High on the slopes of the Albertine Rift, amidst rampant over-cultivation of the land, there lyeth a sanctuary for many a weary naturalist in search of peace and natural tranquility. This sanctuary hath summoned many naturalists from all across Middle Earth, and indeed, from all of Earth. A place of peace and calm amidst a bustling world of corporate greed and desperate subsistence. 

Regal Sunbird
We were greeted by a charming young lady at the reception office, who told us to wait for Emmy. It seemed as though he had made us wait intentionally, for just long enough, to be able to calm our minds from the journey and absorb some of the natural tranquility of the camp, before popping in at just the right moment. A man in coveralls appeared and gave me a hearty handshake. His hands suggested he was not unaccustomed to a little manual labor. He wore a grin on his face, not an over-exaggerated one of so many hospitality people, but a measured grin which conveyed just the indented amount of warmth. His eyes had the certain sort of depth and gleam that betray vast amounts of knowledge and wisdom.

We took a walk around the camp, talking of our journey, of the camp, the local people, the guests, and ultimately, Bwindi Impenetrable National Park. Then I realized, Emmy is basically the Elrond of Uganda. He is on good terms with all of the community residents and the park personnel, and is a reservoir of knowledge on the local flora and fauna.

One day, many years ago, Emmy was taking a wander in these hills, with an idea in his mind to start a camp and where to build it. A certain hillside caught his attention with Dusky Twinspots and even African Green Broadbill near the forest edge. 

Dusky Twinspot
However, another discovery saddened him. The bones of two Duikers, small forest antelope. It had become quite difficult to find these in the park, and now he knew why. The locals were trapping them for bush meat. Emmy decided to take action. His solution was simple: provided the people with what they need (food). So he bought them a few pigs. Of course, money is needed for these things, but that's where the camp comes in - as a revenue source. The positive effects of the camp have been so great that the Duikers and other animals became once again easy to see, which in turn makes the area all the more attractive as an eco-tourism destination.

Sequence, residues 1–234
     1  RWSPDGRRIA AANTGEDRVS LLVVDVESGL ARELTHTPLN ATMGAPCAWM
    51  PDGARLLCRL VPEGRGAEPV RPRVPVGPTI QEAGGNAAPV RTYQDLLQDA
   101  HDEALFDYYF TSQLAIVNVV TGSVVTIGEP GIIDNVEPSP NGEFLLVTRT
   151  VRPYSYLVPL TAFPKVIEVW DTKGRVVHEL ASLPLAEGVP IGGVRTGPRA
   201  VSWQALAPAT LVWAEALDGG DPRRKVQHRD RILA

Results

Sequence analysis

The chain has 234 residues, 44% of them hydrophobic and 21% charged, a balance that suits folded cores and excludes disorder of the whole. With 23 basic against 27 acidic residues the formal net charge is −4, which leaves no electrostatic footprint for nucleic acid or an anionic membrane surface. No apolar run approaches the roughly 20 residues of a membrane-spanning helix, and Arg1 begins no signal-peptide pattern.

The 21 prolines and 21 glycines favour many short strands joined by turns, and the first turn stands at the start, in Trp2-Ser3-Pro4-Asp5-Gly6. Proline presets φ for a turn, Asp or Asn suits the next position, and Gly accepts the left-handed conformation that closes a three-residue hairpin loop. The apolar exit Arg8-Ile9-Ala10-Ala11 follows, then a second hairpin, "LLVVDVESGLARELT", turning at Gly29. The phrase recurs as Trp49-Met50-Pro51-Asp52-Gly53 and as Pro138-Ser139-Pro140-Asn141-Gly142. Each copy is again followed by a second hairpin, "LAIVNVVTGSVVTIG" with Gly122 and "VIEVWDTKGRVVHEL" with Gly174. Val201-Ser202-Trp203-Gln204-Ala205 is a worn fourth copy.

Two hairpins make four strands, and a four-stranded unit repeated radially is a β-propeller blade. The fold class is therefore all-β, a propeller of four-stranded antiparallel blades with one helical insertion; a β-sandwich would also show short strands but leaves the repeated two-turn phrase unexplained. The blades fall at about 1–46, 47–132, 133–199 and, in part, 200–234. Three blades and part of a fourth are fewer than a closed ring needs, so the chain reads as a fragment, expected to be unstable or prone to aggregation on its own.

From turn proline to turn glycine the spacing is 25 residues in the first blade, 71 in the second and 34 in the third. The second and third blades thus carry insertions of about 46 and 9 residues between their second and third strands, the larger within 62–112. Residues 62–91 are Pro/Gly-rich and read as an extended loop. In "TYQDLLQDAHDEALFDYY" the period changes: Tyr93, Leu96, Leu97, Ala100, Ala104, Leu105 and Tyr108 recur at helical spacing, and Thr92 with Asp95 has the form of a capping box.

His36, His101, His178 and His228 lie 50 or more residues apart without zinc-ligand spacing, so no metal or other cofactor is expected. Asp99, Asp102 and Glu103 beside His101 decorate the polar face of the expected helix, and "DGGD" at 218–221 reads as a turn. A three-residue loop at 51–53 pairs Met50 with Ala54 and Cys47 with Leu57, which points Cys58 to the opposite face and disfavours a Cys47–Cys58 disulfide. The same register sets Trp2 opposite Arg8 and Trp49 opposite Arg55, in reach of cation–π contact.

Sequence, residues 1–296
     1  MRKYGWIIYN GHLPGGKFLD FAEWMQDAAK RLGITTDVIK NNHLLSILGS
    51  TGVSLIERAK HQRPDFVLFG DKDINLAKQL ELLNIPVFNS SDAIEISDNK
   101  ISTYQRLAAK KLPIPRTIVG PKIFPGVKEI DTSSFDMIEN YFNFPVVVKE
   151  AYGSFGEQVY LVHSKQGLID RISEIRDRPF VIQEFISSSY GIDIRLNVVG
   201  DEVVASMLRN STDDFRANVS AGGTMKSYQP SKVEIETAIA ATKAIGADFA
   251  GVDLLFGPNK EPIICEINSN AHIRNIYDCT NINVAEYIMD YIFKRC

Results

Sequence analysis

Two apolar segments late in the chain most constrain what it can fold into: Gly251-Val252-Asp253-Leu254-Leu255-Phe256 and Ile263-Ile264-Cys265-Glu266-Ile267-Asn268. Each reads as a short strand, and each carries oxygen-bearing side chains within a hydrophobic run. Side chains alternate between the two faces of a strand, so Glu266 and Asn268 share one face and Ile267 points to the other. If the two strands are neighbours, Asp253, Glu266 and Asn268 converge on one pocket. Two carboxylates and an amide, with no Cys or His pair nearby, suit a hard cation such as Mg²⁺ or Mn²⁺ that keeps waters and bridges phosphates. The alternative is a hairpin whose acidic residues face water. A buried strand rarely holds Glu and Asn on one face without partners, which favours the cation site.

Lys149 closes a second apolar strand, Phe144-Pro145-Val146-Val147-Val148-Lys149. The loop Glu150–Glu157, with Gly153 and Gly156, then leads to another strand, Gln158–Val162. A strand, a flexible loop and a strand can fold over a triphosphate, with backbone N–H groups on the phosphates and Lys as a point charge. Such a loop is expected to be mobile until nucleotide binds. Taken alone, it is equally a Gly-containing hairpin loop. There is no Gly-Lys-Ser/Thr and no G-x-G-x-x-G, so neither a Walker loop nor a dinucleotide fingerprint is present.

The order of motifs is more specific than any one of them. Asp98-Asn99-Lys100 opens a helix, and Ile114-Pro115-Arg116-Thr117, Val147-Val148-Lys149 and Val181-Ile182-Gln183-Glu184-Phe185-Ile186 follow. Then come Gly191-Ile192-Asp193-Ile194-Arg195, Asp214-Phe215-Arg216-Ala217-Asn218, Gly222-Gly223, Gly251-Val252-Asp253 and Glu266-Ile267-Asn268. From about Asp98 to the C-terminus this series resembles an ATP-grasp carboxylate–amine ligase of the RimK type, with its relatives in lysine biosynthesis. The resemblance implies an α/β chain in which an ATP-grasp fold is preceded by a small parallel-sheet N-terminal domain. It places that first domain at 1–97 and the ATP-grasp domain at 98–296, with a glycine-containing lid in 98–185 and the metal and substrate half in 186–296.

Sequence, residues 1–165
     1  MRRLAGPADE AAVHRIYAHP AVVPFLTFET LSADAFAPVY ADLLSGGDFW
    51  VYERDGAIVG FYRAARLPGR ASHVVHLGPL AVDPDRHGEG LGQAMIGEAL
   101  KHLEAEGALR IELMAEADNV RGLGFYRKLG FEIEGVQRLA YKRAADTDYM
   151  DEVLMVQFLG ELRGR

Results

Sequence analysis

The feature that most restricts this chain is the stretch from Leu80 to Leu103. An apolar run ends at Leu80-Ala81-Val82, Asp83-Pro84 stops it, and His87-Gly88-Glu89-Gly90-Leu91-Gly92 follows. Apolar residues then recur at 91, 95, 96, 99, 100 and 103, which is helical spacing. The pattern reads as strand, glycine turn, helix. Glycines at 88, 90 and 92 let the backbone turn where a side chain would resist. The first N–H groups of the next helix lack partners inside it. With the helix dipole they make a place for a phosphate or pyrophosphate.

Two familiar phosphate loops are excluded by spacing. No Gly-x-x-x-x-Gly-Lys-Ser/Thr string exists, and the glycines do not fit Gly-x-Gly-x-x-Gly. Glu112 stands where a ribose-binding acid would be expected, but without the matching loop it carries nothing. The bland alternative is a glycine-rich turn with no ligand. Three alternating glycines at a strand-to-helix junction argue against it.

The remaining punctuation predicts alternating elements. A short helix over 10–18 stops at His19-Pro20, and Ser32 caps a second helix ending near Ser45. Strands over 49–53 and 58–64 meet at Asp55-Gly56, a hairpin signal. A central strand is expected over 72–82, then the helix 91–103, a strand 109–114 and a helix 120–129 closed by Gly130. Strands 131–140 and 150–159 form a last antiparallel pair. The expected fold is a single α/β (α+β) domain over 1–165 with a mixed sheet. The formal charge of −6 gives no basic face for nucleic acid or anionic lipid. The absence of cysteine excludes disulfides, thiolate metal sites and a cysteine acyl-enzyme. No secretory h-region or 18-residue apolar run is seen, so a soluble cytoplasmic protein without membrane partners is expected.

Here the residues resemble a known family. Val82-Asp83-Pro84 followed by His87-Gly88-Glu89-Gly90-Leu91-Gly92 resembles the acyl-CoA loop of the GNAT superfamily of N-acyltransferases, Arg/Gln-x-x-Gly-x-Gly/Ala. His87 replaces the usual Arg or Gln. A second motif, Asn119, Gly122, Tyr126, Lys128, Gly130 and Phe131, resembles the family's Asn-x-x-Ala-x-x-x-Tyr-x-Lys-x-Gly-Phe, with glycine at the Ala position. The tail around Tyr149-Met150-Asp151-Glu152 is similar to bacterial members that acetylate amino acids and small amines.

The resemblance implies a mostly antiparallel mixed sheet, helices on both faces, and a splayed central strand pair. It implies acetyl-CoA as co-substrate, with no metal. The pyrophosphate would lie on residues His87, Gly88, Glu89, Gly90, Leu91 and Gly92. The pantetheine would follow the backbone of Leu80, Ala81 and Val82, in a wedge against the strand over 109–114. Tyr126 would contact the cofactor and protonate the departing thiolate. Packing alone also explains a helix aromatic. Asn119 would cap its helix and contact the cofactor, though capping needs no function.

We stayed a full 3 days here, which is longer than our usual two. The idea of a "mid-range" lodge frightened me at first, but my fears soon evaporated once we met our host. Of all my travels, I cannot think of an experience where I felt my money was so well spent, because the memories we gained are priceless. To do a birding trip in Uganda and to pass up a stint at Broadbill, you would have to be a "fool of a Took". And it was comfortable. 

If you were to take a canvas tent, set it upon a wooden platform overlooking beautiful unspoiled rainforest, then add a porch with a rustic straw roof and comfortable chairs, then you would have a very charming accomdation indeed. If you were then to build a permanent self-contained bath room complete with a bath, decorated with nice rocks and constantly supplied with hot water, and finally, put hot water bags under the bed covers, then you would have built the tents at Broadbill Forest Camp. The only thing imperfect about our sleep here was that it was not interrupted by the calls of Rwenzori Nightjars, owing to the absence of moonlight. Otherwise, perfect.